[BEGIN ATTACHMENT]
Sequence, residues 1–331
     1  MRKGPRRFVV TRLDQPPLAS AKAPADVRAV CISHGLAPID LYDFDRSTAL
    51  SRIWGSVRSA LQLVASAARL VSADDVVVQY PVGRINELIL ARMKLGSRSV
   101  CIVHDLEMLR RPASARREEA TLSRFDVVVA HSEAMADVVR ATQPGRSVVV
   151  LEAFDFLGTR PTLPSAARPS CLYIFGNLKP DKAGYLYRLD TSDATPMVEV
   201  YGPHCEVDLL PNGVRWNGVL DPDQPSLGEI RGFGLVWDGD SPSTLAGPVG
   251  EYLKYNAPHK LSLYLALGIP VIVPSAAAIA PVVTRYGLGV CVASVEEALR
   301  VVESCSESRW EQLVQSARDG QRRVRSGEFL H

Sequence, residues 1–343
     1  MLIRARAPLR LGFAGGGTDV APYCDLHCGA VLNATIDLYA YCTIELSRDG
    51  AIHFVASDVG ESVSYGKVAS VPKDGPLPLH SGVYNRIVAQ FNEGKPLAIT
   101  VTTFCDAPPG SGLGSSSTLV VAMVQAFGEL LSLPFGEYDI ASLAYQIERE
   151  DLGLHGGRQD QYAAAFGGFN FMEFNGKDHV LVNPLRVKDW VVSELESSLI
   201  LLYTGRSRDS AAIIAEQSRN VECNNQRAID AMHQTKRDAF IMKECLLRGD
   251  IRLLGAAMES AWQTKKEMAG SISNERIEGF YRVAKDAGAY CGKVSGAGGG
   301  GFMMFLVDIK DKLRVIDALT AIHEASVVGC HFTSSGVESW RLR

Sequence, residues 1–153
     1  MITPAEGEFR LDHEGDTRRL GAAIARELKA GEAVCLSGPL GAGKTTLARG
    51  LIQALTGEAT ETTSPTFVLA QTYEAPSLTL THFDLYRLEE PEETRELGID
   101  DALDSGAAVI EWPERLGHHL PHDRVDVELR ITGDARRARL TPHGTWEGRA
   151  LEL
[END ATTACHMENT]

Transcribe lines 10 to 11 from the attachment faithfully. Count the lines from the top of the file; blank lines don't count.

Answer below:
     1  MLIRARAPLR LGFAGGGTDV APYCDLHCGA VLNATIDLYA YCTIELSRDG
    51  AIHFVASDVG ESVSYGKVAS VPKDGPLPLH SGVYNRIVAQ FNEGKPLAIT